Over an hour of the most deeply relaxing music on the planet, selected to introduce listeners to the best-selling Liquid Mind Series. Ideal for stress relief, falling asleep and meditative and therapeutic practices. Relax reached #8 on Billboard magazine’s Top Ten New Age Chart and was listed for 71 consecutive weeks.
Relax: A Liquid Mind Experience
|1. Teach Me to Whisper 7:01|
|2. Serenity 10:06|
|3. Touching Calm 7:44|
|4. Awakening 12:06|
|5. Reflection 8:18|
|6. I am Willing 7:55|
|7. Take Me Tenderly 6:47|
|8. Lullaby for Grownups 5:19|
As a general rule, I believe that meditation or contemplative prayer are best practiced in silence — which means no TV blaring in the background, no MP3 player churning out sound, no computer or stereo making noise within earshot. Even using a so-called white noise machine is, to me, at best a necessary evil: perhaps required to mask the normal distracting sounds of children playing or whatever else might be happening in an adjacent room or apartment: but far less desirable than the pure absence (or near absence) of aural stimulation that only silence embodies.
So with that in mind, perhaps it is a bit ironic that in this post I am going to praise an album of ambient music called Meditation. But I am not recommending this album for use while you are meditating. Rather, this is perfect music for the other 15 or so hours that you are awake each day. This most recent offering from the ambient music maestro Chuck Wild (who records under the name “Liquid Mind”) is one of the loveliest recordings of deeply introspective, truly relaxing, and — most important of all — serenely beautiful music that I’ve come across in quite a while.
But first, a disclaimer: I’ve been a fan of Liquid Mind for over a decade now. I first encountered Chuck Wild’s unique ability to create truly expansive and profoundly peaceful music when I was working for a music distributor. In my position there as a new age music buyer, I listened to ambient music all day long — and yes, much of it lives up to its stereotype of being bland, boring, and self-indulgent. If the stereotypes point to how forgettable most new age music is, they also indicate how difficult it is for musicians to create truly good, artistic, and distinctive ambient recordings. Over the years I’ve collected maybe a handful of ambient albums that bear repeated listening: Brian Eno’s Music for Airports, Laraaji’s Day of Radiance, or Bruce & Brian Becvar’s The Magic of Healing Music. These are all albums that live up to Eno’s definition of creative ambient music: music that is “able to accommodate many levels of listening attention without enforcing one in particular.”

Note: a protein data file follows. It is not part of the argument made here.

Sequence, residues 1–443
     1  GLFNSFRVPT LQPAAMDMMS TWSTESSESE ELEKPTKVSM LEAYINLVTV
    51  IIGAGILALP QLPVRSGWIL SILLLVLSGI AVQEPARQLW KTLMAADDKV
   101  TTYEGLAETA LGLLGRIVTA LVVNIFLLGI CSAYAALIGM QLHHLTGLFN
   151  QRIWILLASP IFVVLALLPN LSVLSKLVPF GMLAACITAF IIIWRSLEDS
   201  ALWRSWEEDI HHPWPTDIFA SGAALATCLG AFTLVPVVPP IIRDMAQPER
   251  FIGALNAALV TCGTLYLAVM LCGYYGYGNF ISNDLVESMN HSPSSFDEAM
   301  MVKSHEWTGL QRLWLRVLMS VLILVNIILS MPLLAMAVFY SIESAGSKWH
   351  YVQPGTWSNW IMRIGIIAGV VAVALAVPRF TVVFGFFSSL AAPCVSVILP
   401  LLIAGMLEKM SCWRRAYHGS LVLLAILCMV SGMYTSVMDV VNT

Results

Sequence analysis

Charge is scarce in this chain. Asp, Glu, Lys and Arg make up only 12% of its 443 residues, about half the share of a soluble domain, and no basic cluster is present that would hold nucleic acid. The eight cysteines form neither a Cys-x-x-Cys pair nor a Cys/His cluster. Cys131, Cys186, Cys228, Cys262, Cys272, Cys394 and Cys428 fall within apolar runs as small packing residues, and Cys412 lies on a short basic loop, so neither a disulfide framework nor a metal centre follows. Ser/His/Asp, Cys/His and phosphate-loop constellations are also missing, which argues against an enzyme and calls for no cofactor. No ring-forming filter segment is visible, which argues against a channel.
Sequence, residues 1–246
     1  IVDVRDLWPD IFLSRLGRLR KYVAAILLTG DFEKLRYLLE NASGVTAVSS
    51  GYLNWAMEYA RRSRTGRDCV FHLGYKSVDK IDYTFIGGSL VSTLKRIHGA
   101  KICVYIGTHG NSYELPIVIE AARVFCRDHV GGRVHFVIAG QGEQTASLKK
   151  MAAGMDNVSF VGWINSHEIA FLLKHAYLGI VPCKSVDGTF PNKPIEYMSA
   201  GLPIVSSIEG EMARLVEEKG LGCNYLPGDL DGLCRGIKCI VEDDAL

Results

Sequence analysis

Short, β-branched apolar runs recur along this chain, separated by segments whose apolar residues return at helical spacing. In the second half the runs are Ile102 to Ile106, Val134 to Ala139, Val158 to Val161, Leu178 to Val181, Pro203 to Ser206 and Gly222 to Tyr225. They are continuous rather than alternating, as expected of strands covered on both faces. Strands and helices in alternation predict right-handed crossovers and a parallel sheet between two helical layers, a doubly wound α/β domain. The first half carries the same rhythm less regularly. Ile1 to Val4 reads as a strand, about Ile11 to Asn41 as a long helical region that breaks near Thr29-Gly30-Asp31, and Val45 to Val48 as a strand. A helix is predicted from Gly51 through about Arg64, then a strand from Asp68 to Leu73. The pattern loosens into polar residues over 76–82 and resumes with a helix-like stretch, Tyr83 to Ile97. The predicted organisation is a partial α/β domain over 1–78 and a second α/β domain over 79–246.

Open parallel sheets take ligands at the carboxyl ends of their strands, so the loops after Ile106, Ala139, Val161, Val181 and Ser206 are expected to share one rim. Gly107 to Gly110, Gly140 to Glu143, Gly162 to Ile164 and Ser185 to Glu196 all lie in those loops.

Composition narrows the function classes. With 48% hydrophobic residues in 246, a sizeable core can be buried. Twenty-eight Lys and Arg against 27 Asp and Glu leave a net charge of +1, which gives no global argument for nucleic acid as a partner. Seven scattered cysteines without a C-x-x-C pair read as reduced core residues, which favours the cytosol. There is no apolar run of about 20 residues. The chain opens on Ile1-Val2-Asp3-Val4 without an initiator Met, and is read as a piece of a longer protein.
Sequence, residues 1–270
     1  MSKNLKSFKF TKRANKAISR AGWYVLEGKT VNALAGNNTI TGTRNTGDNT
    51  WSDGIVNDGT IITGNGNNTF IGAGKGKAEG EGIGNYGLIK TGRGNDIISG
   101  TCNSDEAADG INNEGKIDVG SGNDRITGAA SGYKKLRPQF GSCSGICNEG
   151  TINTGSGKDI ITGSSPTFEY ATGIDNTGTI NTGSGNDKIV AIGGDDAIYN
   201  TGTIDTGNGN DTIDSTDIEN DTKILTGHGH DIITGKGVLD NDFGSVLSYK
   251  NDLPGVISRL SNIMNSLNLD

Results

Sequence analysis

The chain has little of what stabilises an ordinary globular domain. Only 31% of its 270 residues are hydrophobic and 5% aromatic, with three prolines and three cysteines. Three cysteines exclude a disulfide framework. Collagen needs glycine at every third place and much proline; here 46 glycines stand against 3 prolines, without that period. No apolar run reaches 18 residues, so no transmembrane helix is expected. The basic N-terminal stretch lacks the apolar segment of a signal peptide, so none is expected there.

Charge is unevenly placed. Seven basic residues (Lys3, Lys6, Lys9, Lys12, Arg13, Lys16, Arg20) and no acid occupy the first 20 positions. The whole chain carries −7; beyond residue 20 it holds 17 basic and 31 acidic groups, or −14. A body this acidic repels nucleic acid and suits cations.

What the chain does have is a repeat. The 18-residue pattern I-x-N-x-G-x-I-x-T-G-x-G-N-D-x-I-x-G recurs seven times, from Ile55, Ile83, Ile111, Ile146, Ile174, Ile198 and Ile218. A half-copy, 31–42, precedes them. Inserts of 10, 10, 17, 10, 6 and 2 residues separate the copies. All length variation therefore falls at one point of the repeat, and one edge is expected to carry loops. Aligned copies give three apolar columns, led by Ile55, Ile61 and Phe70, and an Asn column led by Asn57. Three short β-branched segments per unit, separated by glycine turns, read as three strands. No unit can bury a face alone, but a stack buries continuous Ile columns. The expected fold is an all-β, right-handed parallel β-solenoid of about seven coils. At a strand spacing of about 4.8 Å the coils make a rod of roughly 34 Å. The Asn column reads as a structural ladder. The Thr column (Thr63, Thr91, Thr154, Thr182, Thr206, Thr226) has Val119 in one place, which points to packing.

Liquid Mind’s music belongs on any select list of must-have ambient albums — and while I think the newest album is arguably the best, the entire Liquid Mind catalogue is worth exploring. Among the previous Liquid Mind albums, I particularly love Unity, and Spirit — in fact, the track “Through My Eyes” from Liquid Mind VI: Spirit was used in several videos featuring me.
But today I want to focus on Liquid Mind X: Meditation. Comprising six tracks with a combined length of just over an hour, this musical suite can be the perfect soundtrack for massage, reading, quiet conversation, or mealtime. But I think what separates out truly creative ambient music from run-of-the-mill new age recordings is that it makes an authentic musical statement, far more than just functioning as a kind of soothing soundtrack for busy lives. This is certainly the case for Liquid Mind X: Meditation. This album speaks of spaciousness, openness, and letting go. The first track, “In Fields of Peace,” creates a soundscape of unhurried presence, with a gradual unfolding of atmospheric chords, its cadence slower than the rhythm of deep, relaxed breathing. This leads into the title track, beginning with a sonic texture reminiscent of Tibetan chanting before opening into a calm melody that evokes the openness of a mind lulled into silence by a deep contemplative experience. “In the Silence of My Soul” and “When Time Slows” continue this sonic journey. The third track evokes a sense of transcendence, while the fourth simply seems to deepen the overall sense of unhurried presence. “Soft Focus,” perhaps the most subtly dynamic of the six tracks, reminds me of the whispering cognitive activity that lurks at the heart of even the most deeply relaxing meditative experience. The album closes with “The Joy of Quiet,” a coda to the suite that echoes the opening track with a slightly more invigorating melody: the meditation is ending, leaving one refreshed and ready to engage with the hustle and bustle of life.
Writing about ambient music is probably the next hardest thing to actually creating it well, and so I am conscious that my words really do not begin to capture the sense of wide-open loveliness that this music embodies. So I’d encourage you to check it out for yourself.